I always allow 10-15 mins after the ceremony before group or family photos. Naturally, your family and friends will want to congratulate, hug and kiss you, and I’m here to capture all the love.

Group Photo (optional +10 mins)

If you want to get a photo with all of your guests, the best time is directly after the ceremony when everyone walks out to the cocktail area. It’s really the only time during daylight when everyone will be in the same spot. So if you have 10 minutes, this is a really fun idea. 

Family Portraits (15 to 20 mins)

Coordinating family formal photos can take time and patience.  So often, there are a lot of people to coordinate and get in front of the camera. However, following simple tips can help this process go more smoothly.

  1. Take family formal photos first since these tend to be more posed. 
  2. Work with smaller groups at a time to help keep things organised and moving along.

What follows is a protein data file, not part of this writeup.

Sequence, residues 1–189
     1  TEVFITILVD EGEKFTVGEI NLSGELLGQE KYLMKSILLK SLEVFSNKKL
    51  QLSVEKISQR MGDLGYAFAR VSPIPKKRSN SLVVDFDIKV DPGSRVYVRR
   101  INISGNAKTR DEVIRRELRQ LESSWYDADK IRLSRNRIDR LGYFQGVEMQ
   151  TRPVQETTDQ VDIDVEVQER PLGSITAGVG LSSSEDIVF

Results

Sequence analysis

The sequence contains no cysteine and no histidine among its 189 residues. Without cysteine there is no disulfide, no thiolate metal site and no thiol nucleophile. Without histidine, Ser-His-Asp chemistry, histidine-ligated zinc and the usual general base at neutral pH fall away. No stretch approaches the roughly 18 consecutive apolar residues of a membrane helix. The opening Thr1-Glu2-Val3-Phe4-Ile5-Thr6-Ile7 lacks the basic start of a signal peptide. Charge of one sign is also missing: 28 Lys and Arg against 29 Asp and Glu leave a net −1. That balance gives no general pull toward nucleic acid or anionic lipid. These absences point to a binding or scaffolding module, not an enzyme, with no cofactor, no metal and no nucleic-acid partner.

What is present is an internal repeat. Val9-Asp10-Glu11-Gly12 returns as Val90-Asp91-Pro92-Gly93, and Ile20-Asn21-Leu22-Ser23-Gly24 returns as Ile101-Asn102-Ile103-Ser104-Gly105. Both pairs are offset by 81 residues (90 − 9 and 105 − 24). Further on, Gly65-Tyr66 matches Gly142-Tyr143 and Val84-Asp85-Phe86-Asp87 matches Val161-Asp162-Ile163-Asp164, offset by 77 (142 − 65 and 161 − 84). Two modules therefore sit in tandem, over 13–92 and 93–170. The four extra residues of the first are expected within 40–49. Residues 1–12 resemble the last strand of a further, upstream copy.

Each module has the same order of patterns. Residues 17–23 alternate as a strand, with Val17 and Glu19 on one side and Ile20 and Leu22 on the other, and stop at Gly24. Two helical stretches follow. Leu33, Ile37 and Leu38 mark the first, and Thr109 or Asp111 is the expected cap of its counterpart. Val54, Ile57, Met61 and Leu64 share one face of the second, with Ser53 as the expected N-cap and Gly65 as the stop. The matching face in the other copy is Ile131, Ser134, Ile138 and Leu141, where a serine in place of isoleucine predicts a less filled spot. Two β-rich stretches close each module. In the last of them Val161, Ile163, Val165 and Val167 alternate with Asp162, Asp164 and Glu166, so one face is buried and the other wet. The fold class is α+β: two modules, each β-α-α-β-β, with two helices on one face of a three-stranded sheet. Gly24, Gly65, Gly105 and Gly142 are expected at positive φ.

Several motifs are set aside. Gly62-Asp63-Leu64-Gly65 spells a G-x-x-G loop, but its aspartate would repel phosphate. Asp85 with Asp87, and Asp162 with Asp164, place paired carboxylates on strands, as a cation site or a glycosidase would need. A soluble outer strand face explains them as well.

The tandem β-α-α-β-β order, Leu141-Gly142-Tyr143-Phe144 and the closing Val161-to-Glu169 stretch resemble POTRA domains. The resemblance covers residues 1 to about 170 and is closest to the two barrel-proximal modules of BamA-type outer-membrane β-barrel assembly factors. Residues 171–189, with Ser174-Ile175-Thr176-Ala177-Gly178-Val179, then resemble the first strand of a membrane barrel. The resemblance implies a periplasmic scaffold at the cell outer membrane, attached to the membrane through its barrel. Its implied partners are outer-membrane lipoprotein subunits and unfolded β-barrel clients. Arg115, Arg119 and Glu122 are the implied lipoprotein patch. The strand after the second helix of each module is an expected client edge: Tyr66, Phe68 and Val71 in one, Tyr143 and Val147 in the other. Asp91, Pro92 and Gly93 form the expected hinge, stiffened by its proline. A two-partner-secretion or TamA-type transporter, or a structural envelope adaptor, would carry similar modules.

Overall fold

3. Have a list of must-have shots, so you don’t forget anyone. 

For family photos, it’s best to list everyone’s name on your family portraits list and assign a helper who knows everyone and can help round them up.

Wedding Party Photos (20-30 mins)

After capturing the family photos, it’s time to take the bridal party photos. These are always great opportunities for the bride and groom to have a mini-celebration with their closest friends. As a result, the photos look fun, relaxed and more natural. If you time it correctly, you might even get the opportunity to take these photos during golden hour. 

Portrait photos (40mins to 1 hour)

Some might argue that the most important photos you take during your wedding are your portraits. During this time, it’s you, your husband or wife, your wedding photographer and sometimes the videographer. 

Depending on whether you had a first look and how many locations you want to visit, your portrait session will usually take 40 mins to 1 hour. Before taking these images, I scope out locations for your portraits around the venue that will help bring your dream vision to life. I recommend a maximum of 2-3 locations.